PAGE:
Stereo Photography

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It turns out that I have 3 old friends from high school who are nuts about stereo photography. One of them, Joe Towers, showed me how to make stereo pictures using an ordinary 'point and shoot' 35mm camera. This technique involves taking 2 photos, shifting your position slightly from side to side between the shots. Naturally, there can't be any movement in the subject, you've got to do a fairly good job of maintaining a consistent frame on the subject, and you've got to do some adjusting when you mount the prints.

I've been very excited by the results. I normally view the stereo pairs using a stereoscope designed for vision testing. I mount the pair of prints on a piece of poster board, slip it into the cradle on the stereoscope, and voilá, comfortable and stunning stereo viewing! Folks who have never seen this before are always amazed.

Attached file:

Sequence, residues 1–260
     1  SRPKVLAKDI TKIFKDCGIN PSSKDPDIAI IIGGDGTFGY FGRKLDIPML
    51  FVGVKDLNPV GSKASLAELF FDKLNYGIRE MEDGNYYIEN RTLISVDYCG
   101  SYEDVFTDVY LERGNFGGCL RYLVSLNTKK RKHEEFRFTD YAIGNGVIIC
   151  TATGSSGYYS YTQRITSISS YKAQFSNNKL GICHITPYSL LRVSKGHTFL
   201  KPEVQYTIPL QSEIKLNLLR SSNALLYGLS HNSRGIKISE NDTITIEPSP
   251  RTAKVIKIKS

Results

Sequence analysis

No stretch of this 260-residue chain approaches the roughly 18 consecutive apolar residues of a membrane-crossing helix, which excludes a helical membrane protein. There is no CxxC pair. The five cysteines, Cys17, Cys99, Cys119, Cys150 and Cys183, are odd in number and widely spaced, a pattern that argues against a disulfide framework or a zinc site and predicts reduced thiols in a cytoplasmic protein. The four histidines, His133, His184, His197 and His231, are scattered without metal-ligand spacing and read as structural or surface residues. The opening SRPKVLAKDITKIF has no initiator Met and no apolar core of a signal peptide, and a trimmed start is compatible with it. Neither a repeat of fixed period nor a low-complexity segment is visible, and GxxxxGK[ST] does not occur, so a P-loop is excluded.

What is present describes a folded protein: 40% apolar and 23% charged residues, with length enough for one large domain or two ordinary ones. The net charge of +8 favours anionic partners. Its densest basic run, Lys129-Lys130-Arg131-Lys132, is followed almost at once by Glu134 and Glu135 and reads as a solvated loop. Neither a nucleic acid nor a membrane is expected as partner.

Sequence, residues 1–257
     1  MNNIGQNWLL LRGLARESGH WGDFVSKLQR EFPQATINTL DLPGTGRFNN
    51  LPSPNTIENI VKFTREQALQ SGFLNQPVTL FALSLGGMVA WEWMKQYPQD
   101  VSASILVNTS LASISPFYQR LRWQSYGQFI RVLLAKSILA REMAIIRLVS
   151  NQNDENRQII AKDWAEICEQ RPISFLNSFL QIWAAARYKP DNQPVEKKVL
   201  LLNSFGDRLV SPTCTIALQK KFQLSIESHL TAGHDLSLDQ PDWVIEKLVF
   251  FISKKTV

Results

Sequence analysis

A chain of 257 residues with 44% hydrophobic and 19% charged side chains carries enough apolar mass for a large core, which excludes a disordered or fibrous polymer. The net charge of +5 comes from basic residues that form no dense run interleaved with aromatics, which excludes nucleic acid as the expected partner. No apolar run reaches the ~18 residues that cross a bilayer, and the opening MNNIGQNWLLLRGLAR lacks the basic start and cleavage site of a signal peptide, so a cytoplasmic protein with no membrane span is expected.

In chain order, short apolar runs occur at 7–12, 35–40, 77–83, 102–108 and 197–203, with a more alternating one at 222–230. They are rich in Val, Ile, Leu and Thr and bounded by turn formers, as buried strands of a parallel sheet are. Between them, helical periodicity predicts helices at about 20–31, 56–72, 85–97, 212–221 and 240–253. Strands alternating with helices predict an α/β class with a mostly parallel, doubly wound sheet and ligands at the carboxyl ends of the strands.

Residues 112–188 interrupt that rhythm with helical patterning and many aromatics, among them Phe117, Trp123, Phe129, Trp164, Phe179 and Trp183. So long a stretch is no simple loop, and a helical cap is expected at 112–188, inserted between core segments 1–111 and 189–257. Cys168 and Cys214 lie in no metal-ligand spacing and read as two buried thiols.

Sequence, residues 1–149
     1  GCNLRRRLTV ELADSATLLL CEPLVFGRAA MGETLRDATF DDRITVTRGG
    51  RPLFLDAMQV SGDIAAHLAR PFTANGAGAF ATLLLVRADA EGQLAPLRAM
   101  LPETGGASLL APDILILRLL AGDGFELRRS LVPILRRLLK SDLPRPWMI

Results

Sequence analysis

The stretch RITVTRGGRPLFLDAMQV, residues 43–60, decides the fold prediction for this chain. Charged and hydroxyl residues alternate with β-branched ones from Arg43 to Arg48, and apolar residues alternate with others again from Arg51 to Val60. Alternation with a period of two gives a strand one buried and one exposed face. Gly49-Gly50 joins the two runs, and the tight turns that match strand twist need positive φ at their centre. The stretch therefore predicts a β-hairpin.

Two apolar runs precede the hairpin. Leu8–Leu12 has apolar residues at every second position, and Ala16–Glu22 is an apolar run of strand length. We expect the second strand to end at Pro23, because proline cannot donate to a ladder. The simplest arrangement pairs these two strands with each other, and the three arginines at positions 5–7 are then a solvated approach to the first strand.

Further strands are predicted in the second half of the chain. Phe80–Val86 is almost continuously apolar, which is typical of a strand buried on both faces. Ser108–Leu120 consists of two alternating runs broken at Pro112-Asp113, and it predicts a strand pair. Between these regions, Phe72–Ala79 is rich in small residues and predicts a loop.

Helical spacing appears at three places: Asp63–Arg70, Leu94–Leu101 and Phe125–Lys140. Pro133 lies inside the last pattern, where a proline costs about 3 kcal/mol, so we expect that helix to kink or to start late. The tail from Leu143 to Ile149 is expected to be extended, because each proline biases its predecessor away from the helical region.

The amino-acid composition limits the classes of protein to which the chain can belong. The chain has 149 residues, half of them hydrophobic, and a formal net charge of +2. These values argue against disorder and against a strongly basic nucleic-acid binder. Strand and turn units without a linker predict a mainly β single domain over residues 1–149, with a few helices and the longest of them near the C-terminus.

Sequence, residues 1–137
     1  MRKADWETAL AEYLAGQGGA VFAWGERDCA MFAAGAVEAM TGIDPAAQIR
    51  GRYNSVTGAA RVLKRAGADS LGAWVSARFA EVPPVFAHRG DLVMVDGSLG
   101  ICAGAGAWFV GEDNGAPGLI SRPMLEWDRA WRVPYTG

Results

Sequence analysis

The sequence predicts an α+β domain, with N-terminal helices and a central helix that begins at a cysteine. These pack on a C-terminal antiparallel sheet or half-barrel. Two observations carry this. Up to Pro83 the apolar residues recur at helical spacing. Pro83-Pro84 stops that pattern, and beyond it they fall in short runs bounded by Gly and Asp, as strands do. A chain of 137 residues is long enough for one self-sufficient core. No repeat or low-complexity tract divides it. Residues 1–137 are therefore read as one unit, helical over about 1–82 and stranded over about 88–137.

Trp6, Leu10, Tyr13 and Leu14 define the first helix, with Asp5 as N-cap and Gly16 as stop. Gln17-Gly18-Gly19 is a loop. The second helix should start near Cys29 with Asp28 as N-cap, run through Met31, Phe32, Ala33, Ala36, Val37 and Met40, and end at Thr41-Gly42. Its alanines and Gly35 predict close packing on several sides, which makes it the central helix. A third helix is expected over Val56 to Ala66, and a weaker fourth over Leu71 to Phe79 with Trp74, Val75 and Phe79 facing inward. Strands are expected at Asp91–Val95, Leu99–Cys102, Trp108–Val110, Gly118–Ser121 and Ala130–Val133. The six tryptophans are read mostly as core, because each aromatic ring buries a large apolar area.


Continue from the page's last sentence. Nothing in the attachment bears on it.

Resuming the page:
How To View The Stereo Pairs

For this website, I've reversed the orientation of the pairs, so that you must cross your eyes to get the stereo effect. Just cross your eyes until the two images fuse into a third image in middle of your visual field. If you continue to work at it, the center 'fused' image will jump into 3 dimensional relief. It's really quite dramatic. Not everyone can do this! So don't be too discouraged if you fail. Contact lenses that are adjusted for near and far vision (each eye being different) will make it difficult to see the 3-D.

Click on the small images below to see a full-screen image.
Inside the cave at Piedras Grandes, Anza Borrego Desert. Piedras Grandes, Anza Borrego Desert.
Small ornament from Mexico. Full size model of Stonehenge at Marymount, OR.
A sailing ship. A little snake refridgerator magnet.